• Do you need a hard copy of the registration form? What information needs to be on the form? What information will you need for membership, finance and event logistics tracking, and future marketing efforts?
  • Is it important to you that attendees register early for the event for either logistical reasons or cash flow? If so, what will you do to encourage this? Will you offer an early bird discount? Will you offer an advance-only multiple or group discount?
  • Determine your deadlines for advance registration, for when you can no longer process registrations before the event and must advise your meeting attendees to register onsite.

     

 

EVENT REGISTRATION - PART 2

 

ON SITE REGISTRATION

Area and space needs
Before selecting an area at the site to handle your registration tasks, whether it's a lobby or a meeting room, consider attendee accessibility and determine your specific registration area space needs, keeping the following in mind:
Overall number of attendees that will be coming through registration lines.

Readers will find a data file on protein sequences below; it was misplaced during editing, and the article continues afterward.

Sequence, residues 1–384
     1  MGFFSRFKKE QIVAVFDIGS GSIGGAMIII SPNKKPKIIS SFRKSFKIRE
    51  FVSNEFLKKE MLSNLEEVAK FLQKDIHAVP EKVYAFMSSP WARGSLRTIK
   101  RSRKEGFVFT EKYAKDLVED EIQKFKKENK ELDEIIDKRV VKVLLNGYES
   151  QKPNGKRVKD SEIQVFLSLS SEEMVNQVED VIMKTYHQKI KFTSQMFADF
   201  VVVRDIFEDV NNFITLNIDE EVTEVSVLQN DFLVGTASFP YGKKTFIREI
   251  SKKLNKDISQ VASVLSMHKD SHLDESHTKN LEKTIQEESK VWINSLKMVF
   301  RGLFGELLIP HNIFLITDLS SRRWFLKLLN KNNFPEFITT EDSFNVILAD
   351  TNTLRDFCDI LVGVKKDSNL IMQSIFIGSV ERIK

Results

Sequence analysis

Number of registration counters needed for cashiers, advance materials pickup, etc.
Space needed for registration flow, with the worst-case scenario in mind if you don't have a good history for this event.
Self-registration stations.
Space needed for other registration area desks (restaurant reservations, housing services, etc.).
Consider a cafe area with refreshments near registration to mitigate the "waiting in line" experience.
Space needs for "behind the curtain" activities and storage of materials.
Secure area for financial processing.
Private area to handle challenging attendees or groups.
Assessing your staff
Do you have adequate staff in your organization to handle on-site registration, or will you need to hire temporary help? Ask the local convention and visitors bureau to either provide this service or refer you to CVB members who can.
Training hired help
If you do need to hire temporary help, consider how you will provide training for them. Depending on the complexity of your event, training could be an all-day prior necessity. Printed reference materials for temporary workers are always well received. Hands-on practice provides practical application of policies and procedures.